Live Blogging: Is Grokster Ruling Just?

Posted in copyright by coda on October 14, 2009

Fair – what have we subscribed to in our democratic society, with reference to Copyright Law?
Intermediaries have a responsibility:
In the UK we have a provision: section 16 Copyright Designs and Patents Act 1988.
Liability is based on “authorisation”
There needs to be some level of culpability.
In the Australian Kazaa case the respondents were held liable for authorising copyright infringement – “Join the Revolution”!:
” (i) despite the fact that the Kazaa website contains warnings against the sharing of copyright files, and an end user licence agreement under which users are made to agree not to infringe copyright, it has long been obvious that those measures are ineffective to prevent, or even substantially to curtail, copyright infringements by users. The respondents have long known that the Kazaa system is widely used for the sharing of copyright files;
(ii) there are technical measures (keyword filtering and gold file flood filtering) that would enable the respondents to curtail – although probably not totally to prevent – the sharing of copyright files. The respondents have not taken any action to implement those measures. It would be against their financial interest to do so. It is in the respondents’ financial interest to maximise, not to minimise, music file-sharing. Advertising provides the bulk of the revenue earned by the Kazaa system, which revenue is shared between Sharman Networks and Altnet.
(iii) far from taking steps that are likely effectively to curtail copyright file-sharing, Sharman Networks and Altnet have included on the Kazaa website exhortations to users to increase their file-sharing and a webpage headed ‘Join the Revolution’ that criticises record companies for opposing peer-to-peer file-sharing. They also sponsored a ‘Kazaa Revolution’ campaign attacking the record companies. The revolutionary material does not expressly advocate the sharing of copyright files. However, to a young audience, and it seems that Kazaa users are predominantly young people, the effect of this webpage would be to encourage visitors to think it ‘cool’ to defy the record companies by ignoring copyright constraints.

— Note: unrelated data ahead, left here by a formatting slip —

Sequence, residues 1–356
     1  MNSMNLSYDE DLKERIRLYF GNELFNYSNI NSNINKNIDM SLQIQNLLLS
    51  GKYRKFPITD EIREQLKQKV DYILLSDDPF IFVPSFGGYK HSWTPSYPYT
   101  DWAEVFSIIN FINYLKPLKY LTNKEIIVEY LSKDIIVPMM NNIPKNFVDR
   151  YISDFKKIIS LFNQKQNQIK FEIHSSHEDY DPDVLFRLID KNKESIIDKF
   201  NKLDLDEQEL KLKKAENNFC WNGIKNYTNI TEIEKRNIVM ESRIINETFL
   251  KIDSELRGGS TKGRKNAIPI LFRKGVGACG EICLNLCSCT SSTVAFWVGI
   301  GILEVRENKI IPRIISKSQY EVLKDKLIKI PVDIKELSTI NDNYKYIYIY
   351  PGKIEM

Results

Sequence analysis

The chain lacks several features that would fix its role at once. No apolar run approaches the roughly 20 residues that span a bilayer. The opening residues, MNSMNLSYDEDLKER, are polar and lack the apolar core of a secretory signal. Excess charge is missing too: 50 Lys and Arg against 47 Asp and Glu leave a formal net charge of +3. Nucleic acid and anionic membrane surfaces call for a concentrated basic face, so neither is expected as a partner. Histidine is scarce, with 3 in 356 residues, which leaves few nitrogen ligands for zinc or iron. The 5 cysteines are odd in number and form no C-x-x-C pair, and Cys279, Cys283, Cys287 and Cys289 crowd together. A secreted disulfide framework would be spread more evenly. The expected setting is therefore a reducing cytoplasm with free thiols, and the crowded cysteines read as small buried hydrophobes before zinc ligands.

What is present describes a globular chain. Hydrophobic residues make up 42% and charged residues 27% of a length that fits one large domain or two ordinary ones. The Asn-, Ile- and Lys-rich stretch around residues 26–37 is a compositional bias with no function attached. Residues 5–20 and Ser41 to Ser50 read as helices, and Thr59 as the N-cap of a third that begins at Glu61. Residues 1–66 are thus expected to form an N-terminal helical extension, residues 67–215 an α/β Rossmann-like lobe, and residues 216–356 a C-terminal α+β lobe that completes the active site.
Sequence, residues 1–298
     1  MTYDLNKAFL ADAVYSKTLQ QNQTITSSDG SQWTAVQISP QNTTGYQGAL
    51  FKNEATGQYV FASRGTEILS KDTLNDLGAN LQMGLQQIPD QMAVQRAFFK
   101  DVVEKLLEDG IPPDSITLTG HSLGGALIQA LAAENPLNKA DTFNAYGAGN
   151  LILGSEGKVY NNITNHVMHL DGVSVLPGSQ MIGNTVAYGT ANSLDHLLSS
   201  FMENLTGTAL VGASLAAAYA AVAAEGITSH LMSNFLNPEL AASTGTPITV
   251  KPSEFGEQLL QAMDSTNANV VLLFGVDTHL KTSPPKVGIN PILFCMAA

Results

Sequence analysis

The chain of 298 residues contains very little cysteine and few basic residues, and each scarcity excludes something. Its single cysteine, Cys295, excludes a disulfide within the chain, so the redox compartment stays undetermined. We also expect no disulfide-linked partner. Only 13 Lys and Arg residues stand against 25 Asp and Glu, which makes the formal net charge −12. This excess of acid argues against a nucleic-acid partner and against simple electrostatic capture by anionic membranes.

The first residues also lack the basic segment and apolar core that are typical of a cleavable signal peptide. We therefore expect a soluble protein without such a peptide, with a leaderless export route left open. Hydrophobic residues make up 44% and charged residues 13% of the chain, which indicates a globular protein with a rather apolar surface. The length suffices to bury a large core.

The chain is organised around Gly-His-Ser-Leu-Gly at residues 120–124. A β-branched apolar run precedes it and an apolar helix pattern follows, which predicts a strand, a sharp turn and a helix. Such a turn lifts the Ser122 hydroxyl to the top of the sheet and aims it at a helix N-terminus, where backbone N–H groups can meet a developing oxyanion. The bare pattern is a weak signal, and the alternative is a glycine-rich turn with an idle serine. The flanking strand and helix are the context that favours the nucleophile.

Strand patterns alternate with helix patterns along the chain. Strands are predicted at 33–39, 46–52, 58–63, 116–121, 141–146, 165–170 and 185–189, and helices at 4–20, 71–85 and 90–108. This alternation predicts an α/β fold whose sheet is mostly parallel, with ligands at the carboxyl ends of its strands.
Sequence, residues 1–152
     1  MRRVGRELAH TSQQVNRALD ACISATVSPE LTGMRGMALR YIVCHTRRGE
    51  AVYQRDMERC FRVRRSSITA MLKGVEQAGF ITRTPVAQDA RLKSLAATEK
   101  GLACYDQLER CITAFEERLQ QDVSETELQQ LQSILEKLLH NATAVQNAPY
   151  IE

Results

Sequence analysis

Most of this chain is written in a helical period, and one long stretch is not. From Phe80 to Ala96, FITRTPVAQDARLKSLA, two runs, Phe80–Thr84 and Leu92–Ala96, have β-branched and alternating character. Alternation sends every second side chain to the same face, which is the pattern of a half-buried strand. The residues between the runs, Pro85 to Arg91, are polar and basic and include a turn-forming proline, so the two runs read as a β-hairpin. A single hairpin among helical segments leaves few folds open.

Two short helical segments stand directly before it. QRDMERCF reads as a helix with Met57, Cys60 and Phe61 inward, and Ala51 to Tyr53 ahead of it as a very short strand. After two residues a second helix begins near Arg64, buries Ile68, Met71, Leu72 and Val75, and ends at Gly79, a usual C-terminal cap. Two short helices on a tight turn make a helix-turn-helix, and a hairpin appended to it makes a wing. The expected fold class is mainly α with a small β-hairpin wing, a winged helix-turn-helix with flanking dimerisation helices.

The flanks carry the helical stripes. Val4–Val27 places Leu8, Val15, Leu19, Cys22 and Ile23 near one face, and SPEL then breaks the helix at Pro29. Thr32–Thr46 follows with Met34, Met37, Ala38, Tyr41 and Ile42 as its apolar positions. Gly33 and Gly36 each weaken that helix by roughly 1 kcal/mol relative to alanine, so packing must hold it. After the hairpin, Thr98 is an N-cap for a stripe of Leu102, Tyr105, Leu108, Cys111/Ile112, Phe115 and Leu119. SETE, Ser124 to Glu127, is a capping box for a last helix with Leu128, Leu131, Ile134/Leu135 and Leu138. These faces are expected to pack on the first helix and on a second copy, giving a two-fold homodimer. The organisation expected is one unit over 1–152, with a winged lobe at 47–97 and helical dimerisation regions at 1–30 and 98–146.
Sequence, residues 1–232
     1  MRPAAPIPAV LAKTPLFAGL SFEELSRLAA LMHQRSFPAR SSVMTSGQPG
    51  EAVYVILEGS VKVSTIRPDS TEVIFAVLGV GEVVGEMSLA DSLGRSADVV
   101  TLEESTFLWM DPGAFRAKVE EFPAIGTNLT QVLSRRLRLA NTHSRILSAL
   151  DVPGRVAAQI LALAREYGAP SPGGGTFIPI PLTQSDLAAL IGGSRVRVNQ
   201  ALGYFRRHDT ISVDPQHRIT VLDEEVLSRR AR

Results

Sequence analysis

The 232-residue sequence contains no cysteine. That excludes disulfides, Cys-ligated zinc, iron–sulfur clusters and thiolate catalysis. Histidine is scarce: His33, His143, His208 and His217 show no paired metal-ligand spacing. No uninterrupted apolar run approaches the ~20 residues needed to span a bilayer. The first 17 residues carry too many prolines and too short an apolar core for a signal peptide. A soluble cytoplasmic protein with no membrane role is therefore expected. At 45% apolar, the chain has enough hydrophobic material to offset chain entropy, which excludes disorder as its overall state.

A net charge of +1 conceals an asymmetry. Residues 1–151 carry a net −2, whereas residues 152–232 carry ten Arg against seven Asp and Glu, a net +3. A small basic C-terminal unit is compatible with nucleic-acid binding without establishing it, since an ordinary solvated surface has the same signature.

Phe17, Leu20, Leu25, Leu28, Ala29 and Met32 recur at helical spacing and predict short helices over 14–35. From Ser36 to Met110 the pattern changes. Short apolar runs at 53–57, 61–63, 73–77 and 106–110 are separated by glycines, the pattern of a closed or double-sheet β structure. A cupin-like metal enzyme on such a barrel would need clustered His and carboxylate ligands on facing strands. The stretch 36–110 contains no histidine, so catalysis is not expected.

A question arose as to the form of relief that might be made against the six respondents that I hold to have authorised infringement of the applicants’ copyright. The applicants are entitled to declarations as to past violations of their rights and the threat of future violations. They are also entitled to an order restraining future violations. However, I have had to bear in mind the possibility that, even with the best will in the world, the respondents probably cannot totally prevent copyright infringement by users. I am anxious not to make an order which the respondents are not able to obey, except at the unacceptable cost of preventing the sharing even of files which do not infringe the applicants’ copyright. There needs to be an opportunity for the relevant respondents to modify the Kazaa system in a targeted way, so as to protect the applicants’ copyright interests (as far as possible) but without unnecessarily intruding on others’ freedom of speech and communication. The evidence about keyword filtering and gold file flood filtering, indicates how this might be done. It should be provided that the injunctive order will be satisfied if the respondents take either of these steps. The steps, in my judgment, are available to the respondents and likely significantly, though perhaps not totally, to protect the applicants’ copyrights.”


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